These players not only made an impact on the teams they were a part of, but also on the program moving forward.
Last week, I gave you all what I thought to be the greatest moments over the 100 years of Husky Stadium’s existence. But, in order for these moments to occur, there needed to be players that made it happen and brought the UW football program to the national relevance it has today.
To continue the celebration of the centennial, I thought it would be fitting to make a list of the most impactful players to step foot inside of the stadium, donning the gold helmet. It’s important to note that although these players made significant impacts as players with their skills, this is not a list of the overall best players in Husky history. These are the four who I believe left the most lasting mark on the program and helped get it to where it is now.
Hugh McElhenny, 1949-1950
Hugh McElhenny is considered by most to be the first “star” to come out of UW. He was recruited out of Compton Junior College and began his two-year stint at UW in 1949 where we broke multiple school rushing records. After his senior season, he was drafted by the San Francisco 49ers with the ninth overall pick. After 13 seasons in the NFL, he finished with 11,375 all-purpose yards and 58 total touchdowns. He became the first Husky to be inducted into both the pro-football and college football hall of fame.
He is perhaps best known for a two-game stretch at UW where, in the first week, returned a kickoff 100 yards for a touchdown versus USC. Then, in the following week, he kicked nine extra points in a 63-6 win over Oregon. He was a player who could do it all and this was recognized by opposing coaches.
“If you ever watched McElhenny,” said Washington State coach Jim Sutherland, “you’d think he had eyes on the back of his head. I’ve seen him cut away from a tackler that 99 percent of the backs wouldn’t even have seen. It wasn’t instinct — he just saw the guy, out of the corner of his eye.”
Sonny Sixkiller, 1969-1972
Looking back at all the great UW quarterbacks, Sonny Sixkiller was the first to really make a name for himself. He was a star for UW where he finished his career with 5,496 passing yards, 35 touchdowns and held 15 school records at the time. He was inducted into the Pac-12 hall of fame in 2018.
Besides his play on the field, Sixkiller is of great importance to Native American athletes everywhere. He is the great-grandson of a Cherokee Indian chief. His heritage was focused on heavily by the media and may have helped him become a star at UW, even in a time where minority athletes were not as accepted as they are today.
But, even his teammates wanted the media to focus more on his play rather than his race. The team captains even wrote to Seattle media to stop focusing on his race. He even donned the cover of Sports Illustrated at one point.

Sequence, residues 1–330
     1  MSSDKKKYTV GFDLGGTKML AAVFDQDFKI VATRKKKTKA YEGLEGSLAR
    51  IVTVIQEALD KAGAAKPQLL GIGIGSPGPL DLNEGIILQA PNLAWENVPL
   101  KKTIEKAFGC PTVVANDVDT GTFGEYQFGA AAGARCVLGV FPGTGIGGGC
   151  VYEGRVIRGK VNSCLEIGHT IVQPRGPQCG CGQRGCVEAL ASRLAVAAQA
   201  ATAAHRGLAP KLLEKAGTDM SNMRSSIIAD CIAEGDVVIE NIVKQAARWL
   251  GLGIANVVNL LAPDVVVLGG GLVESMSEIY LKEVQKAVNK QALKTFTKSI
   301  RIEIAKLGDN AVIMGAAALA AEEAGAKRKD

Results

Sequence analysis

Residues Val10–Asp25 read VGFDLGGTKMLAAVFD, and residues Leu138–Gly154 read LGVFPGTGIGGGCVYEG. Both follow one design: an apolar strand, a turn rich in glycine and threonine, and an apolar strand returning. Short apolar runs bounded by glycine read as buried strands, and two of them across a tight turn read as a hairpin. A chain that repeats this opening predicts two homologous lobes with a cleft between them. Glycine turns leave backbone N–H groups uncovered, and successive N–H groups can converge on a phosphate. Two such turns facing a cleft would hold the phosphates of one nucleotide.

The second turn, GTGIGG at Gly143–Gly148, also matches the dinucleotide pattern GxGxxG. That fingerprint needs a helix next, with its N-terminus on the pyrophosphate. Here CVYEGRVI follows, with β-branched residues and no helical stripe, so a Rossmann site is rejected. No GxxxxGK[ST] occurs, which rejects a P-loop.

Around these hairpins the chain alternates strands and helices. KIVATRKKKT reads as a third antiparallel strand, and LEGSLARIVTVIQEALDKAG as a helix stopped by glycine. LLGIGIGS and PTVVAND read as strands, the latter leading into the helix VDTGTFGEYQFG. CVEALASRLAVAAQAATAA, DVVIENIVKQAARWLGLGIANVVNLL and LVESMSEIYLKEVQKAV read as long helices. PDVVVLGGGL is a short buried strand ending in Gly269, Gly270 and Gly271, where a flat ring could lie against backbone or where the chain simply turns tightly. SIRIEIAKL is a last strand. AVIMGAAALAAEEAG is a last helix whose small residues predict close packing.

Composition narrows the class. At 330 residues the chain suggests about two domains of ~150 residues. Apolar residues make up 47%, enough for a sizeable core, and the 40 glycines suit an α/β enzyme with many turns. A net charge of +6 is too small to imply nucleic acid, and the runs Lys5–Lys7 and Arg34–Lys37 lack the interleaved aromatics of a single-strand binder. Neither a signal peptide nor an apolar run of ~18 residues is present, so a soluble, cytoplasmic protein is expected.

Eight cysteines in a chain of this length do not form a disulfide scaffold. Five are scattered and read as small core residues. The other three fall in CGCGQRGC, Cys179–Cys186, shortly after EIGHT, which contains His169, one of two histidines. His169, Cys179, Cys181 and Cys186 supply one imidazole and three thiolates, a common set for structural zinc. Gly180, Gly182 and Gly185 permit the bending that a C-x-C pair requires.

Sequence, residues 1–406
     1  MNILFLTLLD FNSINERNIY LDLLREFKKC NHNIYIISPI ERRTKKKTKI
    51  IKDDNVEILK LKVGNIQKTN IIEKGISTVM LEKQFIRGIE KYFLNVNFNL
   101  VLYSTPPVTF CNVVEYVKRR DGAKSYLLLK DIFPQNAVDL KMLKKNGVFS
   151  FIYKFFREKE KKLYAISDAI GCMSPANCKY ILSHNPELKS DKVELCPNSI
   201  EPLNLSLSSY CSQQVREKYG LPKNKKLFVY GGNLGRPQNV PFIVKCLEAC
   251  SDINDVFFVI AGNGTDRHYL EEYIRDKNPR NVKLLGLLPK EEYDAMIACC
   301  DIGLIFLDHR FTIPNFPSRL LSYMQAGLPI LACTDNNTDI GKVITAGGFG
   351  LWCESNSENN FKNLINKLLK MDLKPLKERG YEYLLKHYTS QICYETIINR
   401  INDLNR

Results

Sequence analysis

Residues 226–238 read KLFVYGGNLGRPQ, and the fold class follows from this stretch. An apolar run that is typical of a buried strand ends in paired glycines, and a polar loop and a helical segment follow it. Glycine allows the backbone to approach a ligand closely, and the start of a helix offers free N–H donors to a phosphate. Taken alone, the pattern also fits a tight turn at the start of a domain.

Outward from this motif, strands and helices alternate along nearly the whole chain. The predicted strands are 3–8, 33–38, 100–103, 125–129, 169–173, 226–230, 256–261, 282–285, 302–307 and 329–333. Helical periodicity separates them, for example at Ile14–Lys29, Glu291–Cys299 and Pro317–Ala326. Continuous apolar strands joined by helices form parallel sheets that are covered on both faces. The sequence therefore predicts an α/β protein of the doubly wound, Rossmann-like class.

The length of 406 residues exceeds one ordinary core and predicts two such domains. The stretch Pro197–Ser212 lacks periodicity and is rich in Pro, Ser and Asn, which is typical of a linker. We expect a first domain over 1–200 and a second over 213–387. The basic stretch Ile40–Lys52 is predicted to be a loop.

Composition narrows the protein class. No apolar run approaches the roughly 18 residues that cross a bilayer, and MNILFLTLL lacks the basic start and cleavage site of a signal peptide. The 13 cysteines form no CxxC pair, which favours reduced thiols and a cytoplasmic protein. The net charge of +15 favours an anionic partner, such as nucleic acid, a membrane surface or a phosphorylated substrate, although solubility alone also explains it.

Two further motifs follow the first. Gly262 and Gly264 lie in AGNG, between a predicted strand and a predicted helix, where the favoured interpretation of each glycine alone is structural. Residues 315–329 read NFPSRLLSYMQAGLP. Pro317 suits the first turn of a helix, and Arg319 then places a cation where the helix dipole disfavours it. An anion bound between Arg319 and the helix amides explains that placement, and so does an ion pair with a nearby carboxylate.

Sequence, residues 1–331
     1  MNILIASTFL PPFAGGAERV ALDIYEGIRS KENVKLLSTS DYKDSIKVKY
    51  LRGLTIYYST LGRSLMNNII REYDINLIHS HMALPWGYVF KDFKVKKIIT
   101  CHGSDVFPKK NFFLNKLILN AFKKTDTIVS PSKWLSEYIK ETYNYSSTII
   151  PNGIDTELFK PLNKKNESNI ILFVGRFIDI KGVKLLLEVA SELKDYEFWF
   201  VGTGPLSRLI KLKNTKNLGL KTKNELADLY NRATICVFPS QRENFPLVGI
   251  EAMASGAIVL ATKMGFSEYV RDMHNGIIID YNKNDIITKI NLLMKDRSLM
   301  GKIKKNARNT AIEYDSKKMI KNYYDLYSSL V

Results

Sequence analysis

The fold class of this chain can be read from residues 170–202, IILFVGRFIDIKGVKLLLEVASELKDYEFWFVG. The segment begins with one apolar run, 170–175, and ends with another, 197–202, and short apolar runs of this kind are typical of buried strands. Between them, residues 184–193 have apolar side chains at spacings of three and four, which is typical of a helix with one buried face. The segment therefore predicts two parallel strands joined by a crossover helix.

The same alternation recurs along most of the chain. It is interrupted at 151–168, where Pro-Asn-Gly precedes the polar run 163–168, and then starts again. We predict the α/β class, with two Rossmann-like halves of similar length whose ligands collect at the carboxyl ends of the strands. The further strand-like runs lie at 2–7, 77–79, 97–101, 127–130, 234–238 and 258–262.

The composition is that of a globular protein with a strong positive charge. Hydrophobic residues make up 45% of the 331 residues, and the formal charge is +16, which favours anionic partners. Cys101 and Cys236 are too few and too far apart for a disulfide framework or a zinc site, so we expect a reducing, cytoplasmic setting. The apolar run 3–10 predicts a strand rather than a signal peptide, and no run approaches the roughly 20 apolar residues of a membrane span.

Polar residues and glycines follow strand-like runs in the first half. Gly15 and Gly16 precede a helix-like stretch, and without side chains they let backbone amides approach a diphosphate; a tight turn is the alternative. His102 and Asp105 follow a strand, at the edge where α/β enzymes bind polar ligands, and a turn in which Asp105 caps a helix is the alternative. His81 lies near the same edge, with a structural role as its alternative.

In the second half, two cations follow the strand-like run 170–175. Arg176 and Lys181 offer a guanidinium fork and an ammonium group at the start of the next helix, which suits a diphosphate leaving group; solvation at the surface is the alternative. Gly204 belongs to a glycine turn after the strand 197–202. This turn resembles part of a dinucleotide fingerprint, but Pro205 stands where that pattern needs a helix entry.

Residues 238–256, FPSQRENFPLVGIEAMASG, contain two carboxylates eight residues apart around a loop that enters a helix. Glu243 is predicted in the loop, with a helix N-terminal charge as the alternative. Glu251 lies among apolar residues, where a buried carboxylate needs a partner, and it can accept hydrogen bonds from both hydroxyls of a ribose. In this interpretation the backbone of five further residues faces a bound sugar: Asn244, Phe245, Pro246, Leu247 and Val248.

“I didn’t want to be on the cover of Sports Illustrated,” Sixkiller said, “But when you look back at it, it was a very fortuitous time. I was very lucky to be on the same cover that other great people have been on.”
Warren Moon, 1974-1977
Warren Moon was a player that, while not putting up crazy statistics while at UW, made an impact in a big way. In the 1970s, it was almost unheard of for a team to play an African American at quarterback but UW offensive coordinator at the time, Dick Scesniak, was desperate to sign Moon, who played at West Los Angeles College for a year. Many other schools were planning on converting Moon to a different position and UW was the only one to offer him as a quarterback.
Even after putting together a solid career in college, he went undrafted and moved to the Canadian Football League where he became a star after winning five Grey Cups — the Canadian equivalent of the Super Bowl. After five seasons with the Edmonton Eskimos, he was signed by the Houston Oilers, which was the beginning of a 13 year NFL career where he threw for over 49,000 yards and 291 touchdowns.
Moon is looked at by most as a turning point of African American players playing quarterback and gave many more the opportunity to do so moving forward. He is now a member of both the Canadian and Pro Football Hall of Fame.
Steve Emtman, 1988-1991
Steve Emtman is considered by many to be the greatest Husky of all time. He was a member of the greatest team in program history and won a national championship in 1991. Individually, he won the Outland Trophy, Lombardi Award, the Bill Willis Award and a consensus All-American. He was also a Heisman finalist as a defensive lineman, which is extremely rare and shows how dominant of a player he was. Following 1991, the Indianapolis Colts picked him with the number one overall selection, the only Husky to hold that honor.
Emtman is one of the most decorated UW players of all time. He is the image of the UW teams from the early 90s that was all about physicality and toughness. Injuries brought his NFL career to an early ending, but he will always go down in UW history as one of the most impactful players to step on the field.